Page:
Virtual offices are an attractive option for anyone starting a business, or working as a solo practitioners, and lawyers are no different. However, the legal industry has a very particular set of rules that must be followed when offering services or practicing, and those rules do have an impact on the viability of virtual office solutions for lawyers. If you are an up-and-coming attorney, or a lawyer with a small practice that could save a lot with a virtual office, here’s what you need to know about virtual office solutions for lawyers:
Don’s Misrepresent Your Practice
Especially if you are just one or two attorneys trying to build a career and/or law firm, it may be tempting to avoid saying that you have a virtual office or that you’re larger than you actually are. Don’t do that, as misrepresenting your legal services online can get you into trouble. For example, if the law firm is just you or just a few people, then be honest about that and be honest of how many offices or locations you have. If you use virtual office solutions in several states, you can get into trouble for saying that your firm is national and has offices in several states. In this case, it’s better to have one location as your office and business address. This rule would also apply to in-state virtual offices. Stick with one, and don’t try to say that you have more offices and branches than you actually have. Virtual offices do not give attorneys the ability to represent themselves and/or their firms as something other than themselves.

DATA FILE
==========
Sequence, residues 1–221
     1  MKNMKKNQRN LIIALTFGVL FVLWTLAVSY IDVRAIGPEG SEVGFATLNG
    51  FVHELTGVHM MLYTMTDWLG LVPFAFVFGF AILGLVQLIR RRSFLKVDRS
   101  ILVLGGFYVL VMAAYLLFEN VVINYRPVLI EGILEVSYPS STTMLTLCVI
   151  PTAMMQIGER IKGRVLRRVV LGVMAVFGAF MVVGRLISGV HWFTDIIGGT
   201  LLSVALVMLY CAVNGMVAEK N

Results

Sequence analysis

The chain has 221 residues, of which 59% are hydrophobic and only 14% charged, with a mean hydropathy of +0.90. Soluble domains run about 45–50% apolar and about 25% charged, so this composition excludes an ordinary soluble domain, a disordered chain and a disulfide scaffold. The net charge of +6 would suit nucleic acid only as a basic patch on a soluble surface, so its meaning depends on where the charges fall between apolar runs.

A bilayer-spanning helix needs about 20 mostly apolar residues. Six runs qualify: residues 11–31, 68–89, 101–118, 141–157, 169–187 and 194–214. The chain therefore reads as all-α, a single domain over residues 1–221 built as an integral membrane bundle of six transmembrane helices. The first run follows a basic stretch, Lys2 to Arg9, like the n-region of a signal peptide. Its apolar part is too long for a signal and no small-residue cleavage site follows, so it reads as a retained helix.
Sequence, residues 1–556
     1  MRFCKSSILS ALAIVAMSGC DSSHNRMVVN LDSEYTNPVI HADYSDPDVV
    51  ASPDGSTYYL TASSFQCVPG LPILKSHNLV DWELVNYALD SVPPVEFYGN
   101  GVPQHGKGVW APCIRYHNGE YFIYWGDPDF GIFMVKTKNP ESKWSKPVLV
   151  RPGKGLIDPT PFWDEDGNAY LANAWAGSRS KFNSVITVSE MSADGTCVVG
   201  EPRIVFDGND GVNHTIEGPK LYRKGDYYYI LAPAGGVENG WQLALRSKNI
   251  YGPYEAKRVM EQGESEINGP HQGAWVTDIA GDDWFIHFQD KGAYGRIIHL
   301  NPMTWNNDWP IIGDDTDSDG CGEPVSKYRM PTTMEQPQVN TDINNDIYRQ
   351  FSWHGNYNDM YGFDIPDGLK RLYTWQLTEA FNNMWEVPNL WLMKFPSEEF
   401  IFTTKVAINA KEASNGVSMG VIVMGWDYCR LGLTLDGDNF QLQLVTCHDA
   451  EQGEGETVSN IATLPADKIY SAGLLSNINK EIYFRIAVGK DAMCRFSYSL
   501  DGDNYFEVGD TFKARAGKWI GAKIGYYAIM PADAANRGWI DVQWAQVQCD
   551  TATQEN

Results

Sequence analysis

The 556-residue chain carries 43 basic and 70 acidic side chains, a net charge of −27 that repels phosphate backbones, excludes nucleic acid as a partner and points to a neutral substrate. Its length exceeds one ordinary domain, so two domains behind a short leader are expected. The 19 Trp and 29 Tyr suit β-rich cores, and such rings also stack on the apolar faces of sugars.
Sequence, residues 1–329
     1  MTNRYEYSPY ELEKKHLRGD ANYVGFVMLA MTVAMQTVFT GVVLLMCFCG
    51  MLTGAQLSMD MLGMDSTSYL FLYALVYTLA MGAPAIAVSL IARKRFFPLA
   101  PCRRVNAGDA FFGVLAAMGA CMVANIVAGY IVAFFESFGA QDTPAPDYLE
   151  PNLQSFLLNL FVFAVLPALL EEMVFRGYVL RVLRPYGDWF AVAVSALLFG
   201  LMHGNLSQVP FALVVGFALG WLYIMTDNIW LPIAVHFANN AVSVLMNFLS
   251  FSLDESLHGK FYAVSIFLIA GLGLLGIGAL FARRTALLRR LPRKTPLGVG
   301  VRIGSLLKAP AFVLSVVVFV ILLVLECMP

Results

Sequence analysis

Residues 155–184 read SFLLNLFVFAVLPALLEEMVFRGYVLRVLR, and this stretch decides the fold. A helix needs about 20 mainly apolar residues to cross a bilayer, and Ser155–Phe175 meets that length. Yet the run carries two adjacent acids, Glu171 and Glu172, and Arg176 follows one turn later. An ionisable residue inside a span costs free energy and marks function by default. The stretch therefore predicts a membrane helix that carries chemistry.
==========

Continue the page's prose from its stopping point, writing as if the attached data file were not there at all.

Be Aware of the Laws in Your State
In some states, as a practicing attorney, you may not be allowed to have a virtual office or any sort of virtual office solution. This was the case in New Jersey, where the state Supreme Court ruled earlier this year that lawyers practicing in the state can use a New Jersey virtual office as long as they ensure “prompt and reliable communication” with clients, other attorneys and courts, and have identified a place where authorities can inspect their files on short notice. This would also include virtual receptionists and any virtual assistant options that the virtual office solution might offer. According to the New Jersey ruling, a virtual receptionist or assistant does not act on your behalf and is not considered familiar with legal matters. However, the law might be different in other states.
What About Confidentiality?
As stated above, a place to keep files is incredibly important, especially since clients want to work with attorneys who can ensure confidentiality and can ensure that no one will read about their cases. This is difficult to do with a virtual office since most solutions do not offer space to all your own or a place to store documents in a locked file cabinet behind a locked door. However, as long as you have such as place, such as a home office, you should be okay. After all, you still have to meet with clients in person in order to represent them better and to learn about the case, so investing in this for the home is crucial. You could also take this further with a locked briefcase, so that when you are carrying the files with you, there’s additional security to ensure confidentiality.
Lawyers may have to go through a few more hurdles to have a virtual office solution and to have a virtual office that meets their needs and the needs of their clients (without breaking any rules). Knowing these nuances should make it easier and that much more possible to run a virtual law firm.